Abstract
Emotion suppression has been found to have negative psychological and social consequences in Western cultural contexts. Yet, in some other cultural contexts, emotion suppression is less likely to have negative consequences; relatedly, emotion suppression is also more common in those East-Asian cultural contexts. In a dyadic conflict study, we aim to conceptually replicate cultural differences found in previous research with respect to the prevalence and consequences of emotion suppression,and extend previous research by testing whether cultural differences are larger for some than for other types of negative emotions. We postulate that cultural differences in suppression are less pronounced for socially engaging emotions than socially disengaging emotions, because the former foster the relationship, whereas the latter emphasize individual goals. Belgian and Japanese couples engaged in a 10-min conflict interaction followed by video-mediated recall, during which participants rated their emotions and emotion suppression every 30 s. As predicted, Japanese participants reported more suppression than their Belgian counterparts, but the cultural difference was more pronounced when participants experienced more socially disengaging emotions than when they experienced more socially engaging emotions. These results suggest that the type of emotion should be considered when describing cultural differences in emotion suppression. Finally, and consistent with previous research, emotion suppression was negatively associated with interaction outcomes in Belgian couples, but not in Japanese couples.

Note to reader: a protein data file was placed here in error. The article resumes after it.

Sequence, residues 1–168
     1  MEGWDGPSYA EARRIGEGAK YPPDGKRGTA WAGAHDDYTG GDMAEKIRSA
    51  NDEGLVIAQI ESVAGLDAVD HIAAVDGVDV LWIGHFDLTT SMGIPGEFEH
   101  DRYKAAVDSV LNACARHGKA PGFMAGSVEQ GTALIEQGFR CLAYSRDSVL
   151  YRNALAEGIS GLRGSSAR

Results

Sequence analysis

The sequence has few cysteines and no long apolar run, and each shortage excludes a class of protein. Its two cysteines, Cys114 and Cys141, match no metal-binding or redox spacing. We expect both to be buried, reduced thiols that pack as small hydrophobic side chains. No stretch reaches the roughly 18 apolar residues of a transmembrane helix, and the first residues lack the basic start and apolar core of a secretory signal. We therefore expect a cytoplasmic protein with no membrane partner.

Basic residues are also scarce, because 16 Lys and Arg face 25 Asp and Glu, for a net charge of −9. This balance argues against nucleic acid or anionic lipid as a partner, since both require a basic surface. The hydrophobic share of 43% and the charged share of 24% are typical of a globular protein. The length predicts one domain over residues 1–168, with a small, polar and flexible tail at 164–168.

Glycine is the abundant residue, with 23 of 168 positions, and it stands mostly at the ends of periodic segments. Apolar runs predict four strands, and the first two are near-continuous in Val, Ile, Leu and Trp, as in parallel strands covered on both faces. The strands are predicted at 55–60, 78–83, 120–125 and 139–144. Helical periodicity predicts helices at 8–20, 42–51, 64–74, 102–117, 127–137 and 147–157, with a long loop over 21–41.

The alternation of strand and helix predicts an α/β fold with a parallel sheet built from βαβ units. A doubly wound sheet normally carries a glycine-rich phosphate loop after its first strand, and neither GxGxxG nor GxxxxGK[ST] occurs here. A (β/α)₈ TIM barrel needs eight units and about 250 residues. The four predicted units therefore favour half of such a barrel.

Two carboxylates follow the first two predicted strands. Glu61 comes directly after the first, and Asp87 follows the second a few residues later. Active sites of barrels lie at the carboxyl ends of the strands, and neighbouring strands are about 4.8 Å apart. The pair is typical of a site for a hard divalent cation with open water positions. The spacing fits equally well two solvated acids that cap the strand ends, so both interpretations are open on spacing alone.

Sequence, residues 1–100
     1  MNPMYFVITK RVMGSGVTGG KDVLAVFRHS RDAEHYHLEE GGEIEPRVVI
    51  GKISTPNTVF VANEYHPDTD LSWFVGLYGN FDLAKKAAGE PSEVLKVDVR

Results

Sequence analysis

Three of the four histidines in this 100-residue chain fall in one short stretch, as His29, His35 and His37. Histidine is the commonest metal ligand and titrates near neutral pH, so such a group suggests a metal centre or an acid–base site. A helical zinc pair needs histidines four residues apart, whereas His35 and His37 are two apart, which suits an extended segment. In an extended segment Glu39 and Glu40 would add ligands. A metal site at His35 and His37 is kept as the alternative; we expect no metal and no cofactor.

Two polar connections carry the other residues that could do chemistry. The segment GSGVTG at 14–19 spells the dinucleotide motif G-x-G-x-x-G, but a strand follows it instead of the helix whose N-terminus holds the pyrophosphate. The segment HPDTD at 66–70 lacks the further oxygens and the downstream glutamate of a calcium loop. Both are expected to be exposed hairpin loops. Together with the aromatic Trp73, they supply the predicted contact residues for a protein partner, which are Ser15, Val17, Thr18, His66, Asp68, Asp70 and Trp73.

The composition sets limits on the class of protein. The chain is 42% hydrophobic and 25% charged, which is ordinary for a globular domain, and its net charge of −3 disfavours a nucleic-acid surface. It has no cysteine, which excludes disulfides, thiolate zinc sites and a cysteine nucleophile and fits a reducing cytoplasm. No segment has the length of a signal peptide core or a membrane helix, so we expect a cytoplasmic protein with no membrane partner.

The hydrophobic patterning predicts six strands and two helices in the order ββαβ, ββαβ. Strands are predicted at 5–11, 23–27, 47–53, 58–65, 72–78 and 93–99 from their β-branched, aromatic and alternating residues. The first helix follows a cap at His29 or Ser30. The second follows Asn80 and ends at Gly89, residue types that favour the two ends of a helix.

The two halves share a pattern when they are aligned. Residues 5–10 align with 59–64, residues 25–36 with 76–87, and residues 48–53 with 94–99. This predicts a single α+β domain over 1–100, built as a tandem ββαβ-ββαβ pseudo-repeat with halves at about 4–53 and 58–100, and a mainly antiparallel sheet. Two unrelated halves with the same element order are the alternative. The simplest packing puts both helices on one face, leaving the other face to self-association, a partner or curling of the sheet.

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Reprint years 2020
DOI 10.3389/fpsyg.2020.01048
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